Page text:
NCCU School of Law hosts series to educate community on rights

North Carolina Central University School of Law held a panel on special education student rights titled “Educational Plans in the North Carolina School System.”

The panel, held last Wednesday Oct. 20, was one of many that they will be hosting as a part of their Virtual Justice Project, which aims to address the under-representation of African American lawyers and lack of access to justice for low-income and marginalized communities.

One way they are hoping to promote justice is through the Know Your Rights seminar series, which has the goal of informing students and community members about their complex legal rights. When the Virtual Justice Project started in 2010, they offered a panel quarterly throughout the year. Now, they offer two programs a month for the Know Your Rights series.

The set-up is usually the same for each panel: a specifically designated legal topic discussed by approximately two to five experts, who reach multiple audiences across the state and other areas of the country using videoconferencing.

Organizers at NCCU always try to focus panels on relevant issues to the Durham community and invite speakers with varied perspectives to best serve their diverse needs.

“[Our number one hope] is to get as much community and student participation as possible,” said Program Coordinator Deria Hayes, who is a Durham native and a professor in the NCCU School of Law. “We want [the panels] to really have a number of voices in the discussion so that we can continue to foster community inclusion, which is very important to us.”

For this specific program, the panel consisted of Durham Public Schools administrator Kristin Bell, parent advocate Nadiah Porter, and two lawyers from the Legal Aid of North Carolina Cari Carson and Jasmina Nogo.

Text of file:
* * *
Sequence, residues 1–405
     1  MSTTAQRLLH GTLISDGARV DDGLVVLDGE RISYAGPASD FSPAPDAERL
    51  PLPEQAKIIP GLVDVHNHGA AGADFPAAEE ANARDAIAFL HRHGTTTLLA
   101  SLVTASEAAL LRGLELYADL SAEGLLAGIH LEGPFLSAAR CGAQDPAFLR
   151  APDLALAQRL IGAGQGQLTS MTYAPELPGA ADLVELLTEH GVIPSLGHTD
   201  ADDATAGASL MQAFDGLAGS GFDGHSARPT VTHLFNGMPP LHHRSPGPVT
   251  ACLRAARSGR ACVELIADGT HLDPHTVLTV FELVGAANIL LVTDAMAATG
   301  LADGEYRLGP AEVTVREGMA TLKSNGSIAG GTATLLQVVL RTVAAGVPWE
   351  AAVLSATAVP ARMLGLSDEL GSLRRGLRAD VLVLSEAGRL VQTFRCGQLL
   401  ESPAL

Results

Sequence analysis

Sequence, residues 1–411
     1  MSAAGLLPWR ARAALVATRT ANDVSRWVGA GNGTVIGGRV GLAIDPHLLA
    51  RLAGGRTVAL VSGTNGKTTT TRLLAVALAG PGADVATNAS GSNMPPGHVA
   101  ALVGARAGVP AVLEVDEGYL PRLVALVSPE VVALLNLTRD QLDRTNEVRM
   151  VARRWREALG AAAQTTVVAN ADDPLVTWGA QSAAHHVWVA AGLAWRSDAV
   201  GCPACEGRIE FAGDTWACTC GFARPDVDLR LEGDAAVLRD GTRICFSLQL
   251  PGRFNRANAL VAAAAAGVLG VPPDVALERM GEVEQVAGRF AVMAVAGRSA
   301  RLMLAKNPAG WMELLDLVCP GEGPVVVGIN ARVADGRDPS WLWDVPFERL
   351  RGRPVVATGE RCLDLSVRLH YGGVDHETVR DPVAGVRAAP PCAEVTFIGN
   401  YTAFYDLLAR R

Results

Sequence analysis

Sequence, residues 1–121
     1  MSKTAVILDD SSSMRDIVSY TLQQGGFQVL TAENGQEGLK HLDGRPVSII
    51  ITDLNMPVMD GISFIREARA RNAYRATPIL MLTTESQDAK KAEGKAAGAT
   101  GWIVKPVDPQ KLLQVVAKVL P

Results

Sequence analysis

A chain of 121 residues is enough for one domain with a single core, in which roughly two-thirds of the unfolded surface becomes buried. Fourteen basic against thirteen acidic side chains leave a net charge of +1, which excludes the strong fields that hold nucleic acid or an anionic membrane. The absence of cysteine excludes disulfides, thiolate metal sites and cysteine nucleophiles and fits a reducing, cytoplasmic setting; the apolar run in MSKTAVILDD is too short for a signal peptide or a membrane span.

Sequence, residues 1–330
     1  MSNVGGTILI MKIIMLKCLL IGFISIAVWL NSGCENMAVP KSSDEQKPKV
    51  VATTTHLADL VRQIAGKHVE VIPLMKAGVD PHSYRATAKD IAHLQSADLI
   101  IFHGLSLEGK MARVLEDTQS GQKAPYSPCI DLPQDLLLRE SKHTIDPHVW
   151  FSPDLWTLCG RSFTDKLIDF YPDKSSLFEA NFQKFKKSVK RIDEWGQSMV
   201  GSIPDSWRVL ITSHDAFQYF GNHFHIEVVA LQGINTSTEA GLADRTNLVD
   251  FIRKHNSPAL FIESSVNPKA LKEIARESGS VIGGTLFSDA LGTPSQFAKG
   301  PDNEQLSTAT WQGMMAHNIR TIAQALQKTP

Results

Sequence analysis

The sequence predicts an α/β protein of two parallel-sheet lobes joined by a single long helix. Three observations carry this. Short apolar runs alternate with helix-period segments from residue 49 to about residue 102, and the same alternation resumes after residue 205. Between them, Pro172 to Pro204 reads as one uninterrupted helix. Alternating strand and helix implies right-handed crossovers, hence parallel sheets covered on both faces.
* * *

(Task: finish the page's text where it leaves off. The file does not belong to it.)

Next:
The panelists each did a brief presentation on their areas of expertise regarding special education students, who they all agree are currently being under-served by communities and public school districts in the state.

“We want to encourage and assist parents to make sure that the child gets to the services [the state] has to offer,” said Dorothy Hairston Mitchell, NCCU School of Law professor who moderated the discussion.

Carson and Nogo, the two lawyers from Legal Aid of NC, debriefed the audience on North Carolina state law as it stands for special education, specifically what individualized education plans (IEPs) and behavioral intervention plans (BIPs) for students are, who qualifies for them, and what the testing and application process looks like.

With their detail-oriented presentation, the two lawyers made it clear that the poor educational services for students with mental or physical disabilities is not an issue caused by a lack of clear legal guidelines.

Rather, the issue is caused more by a lack of strong implementation practices in the schools themselves.

Bell, a DPS administrator who is the executive director for the Exceptional Children’s Department, discussed IEP and BIP procedure in the school system, barriers to implementation, and warning signs for parents to look out for to evaluate if their child’s school is not following the law.

Last, advocate Nadiah Porter talked about how parents and communities can be better activists for their children who need these types of plans to succeed.

The combined presentations, which were packed in with information, took up the entire hour time slot with a few minutes left for audience questions. There was a sense of urgency in each presenter’s voice, who had a great deal of content to get through in their allotted time.